• By adding binary as a boot library distributed with GHC it will be impossible to upgrade binary separately from GHC itself without introducing problems. Consider packages P and Q, the binary package distributed with ghc (binary-1) and that installed at a later point by a user (binary-2), and the following web of dependencies:
          /      Q
        ghc       \
        /       binary-1

P depends indirectly on both binary versions. What happens if it tries to use an instance of Binary from binary-1 with ghc, or an instance of Binary from binary-2 with Q? They won't unify, so this is a (rather confusing) type error! Argh! What's more, this really might happen because Binary is exported in the API to access annotations:

-- For normal GHC API users:
getAnnotations :: (Typeable a, Binary a) => Name -> GHCM [a]

-- Only for plugins adding their own annotations:
getAnnotations :: (Typeable a, Binary a) => Name -> CoreM [a]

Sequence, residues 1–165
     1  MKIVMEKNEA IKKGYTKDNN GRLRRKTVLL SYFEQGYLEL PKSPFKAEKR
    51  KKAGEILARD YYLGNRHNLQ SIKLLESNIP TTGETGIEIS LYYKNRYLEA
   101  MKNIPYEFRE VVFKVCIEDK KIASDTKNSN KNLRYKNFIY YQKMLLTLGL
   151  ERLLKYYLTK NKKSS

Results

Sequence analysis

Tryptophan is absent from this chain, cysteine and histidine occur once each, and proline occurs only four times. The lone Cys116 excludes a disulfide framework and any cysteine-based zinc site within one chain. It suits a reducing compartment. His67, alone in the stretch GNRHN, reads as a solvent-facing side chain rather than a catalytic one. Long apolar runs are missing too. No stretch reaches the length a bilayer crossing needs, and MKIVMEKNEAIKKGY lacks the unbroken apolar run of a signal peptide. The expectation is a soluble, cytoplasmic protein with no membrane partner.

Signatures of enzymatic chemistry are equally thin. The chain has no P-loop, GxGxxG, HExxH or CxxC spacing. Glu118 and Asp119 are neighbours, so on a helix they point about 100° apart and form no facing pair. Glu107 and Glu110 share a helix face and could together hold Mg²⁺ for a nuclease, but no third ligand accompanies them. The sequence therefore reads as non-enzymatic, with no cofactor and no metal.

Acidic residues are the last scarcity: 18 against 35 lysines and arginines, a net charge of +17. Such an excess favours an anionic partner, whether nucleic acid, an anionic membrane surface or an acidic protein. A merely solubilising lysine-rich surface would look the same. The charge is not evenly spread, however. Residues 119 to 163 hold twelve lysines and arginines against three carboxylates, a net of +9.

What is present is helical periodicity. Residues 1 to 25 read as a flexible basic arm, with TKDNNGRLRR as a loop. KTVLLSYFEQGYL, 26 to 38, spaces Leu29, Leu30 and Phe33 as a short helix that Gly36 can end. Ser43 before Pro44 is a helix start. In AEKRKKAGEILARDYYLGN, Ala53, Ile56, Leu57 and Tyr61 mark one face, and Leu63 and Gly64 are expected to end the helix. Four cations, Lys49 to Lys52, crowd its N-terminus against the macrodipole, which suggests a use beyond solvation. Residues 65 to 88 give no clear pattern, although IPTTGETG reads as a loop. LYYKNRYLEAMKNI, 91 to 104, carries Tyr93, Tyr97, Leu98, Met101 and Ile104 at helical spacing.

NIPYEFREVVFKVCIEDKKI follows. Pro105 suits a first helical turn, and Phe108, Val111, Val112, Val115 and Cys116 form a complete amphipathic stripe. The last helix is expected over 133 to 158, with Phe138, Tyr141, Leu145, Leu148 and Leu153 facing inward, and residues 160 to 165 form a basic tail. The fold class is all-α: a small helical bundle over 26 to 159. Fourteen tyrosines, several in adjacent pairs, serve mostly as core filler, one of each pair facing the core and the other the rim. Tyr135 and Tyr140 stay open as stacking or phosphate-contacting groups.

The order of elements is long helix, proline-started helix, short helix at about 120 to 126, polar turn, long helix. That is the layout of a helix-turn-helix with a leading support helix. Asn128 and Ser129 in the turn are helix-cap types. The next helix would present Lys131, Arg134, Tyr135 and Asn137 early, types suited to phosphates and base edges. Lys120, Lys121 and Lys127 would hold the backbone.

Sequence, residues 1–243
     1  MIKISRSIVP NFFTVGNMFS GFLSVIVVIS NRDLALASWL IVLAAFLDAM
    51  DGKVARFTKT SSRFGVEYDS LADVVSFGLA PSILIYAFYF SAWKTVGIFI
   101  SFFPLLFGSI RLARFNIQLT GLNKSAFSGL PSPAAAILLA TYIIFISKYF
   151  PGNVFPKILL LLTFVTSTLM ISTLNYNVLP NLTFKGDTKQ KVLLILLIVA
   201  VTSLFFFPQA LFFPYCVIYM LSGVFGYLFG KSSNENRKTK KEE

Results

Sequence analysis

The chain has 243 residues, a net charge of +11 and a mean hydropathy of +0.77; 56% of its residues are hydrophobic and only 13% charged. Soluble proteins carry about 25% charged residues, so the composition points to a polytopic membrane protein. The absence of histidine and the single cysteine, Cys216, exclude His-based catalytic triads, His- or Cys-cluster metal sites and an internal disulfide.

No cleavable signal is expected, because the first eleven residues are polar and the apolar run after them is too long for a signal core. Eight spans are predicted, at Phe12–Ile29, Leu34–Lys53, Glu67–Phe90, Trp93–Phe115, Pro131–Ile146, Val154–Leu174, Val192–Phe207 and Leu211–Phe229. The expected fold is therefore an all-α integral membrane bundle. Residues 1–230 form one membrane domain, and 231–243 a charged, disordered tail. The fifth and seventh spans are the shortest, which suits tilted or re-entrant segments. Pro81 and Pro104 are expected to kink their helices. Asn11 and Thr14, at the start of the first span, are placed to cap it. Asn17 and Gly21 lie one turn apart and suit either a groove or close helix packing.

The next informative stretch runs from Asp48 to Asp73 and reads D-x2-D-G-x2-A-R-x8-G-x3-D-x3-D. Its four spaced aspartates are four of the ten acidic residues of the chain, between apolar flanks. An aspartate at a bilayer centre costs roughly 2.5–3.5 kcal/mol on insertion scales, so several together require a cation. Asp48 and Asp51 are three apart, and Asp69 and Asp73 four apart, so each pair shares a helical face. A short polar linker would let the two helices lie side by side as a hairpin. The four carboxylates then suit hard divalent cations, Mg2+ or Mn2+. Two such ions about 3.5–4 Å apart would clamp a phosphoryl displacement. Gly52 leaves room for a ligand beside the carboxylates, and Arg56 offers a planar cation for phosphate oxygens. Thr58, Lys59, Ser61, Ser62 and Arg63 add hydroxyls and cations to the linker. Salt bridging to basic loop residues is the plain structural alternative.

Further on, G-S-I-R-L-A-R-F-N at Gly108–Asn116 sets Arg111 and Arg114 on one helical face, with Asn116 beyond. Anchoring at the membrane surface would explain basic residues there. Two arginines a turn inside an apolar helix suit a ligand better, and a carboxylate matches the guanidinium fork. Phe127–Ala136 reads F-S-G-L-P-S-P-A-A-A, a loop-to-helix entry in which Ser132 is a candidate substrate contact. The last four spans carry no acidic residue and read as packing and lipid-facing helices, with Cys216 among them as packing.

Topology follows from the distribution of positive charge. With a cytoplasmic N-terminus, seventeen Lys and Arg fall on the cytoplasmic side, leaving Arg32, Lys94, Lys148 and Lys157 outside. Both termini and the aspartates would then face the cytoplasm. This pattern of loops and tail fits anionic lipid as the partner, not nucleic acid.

putAnnotations :: (Typeable a, Binary a) => Name -> a -> CoreM ()

We have sort of the same problem outlined above even today because bytestring is a boot library. However, since bytestring isn't exported by GHC you don't end up with this sort of weird situation. (Though it might give Cabal as much of a headache as the binary problem outlined above).

Alternative 2

The main alternative to using binary as a boot package is to import the whole source tree for binary and bytestring but rename them to ghc-binary and ghc-bytestring respectively. This ensures there are no conflicts with user code, but:

  • Might be confusing!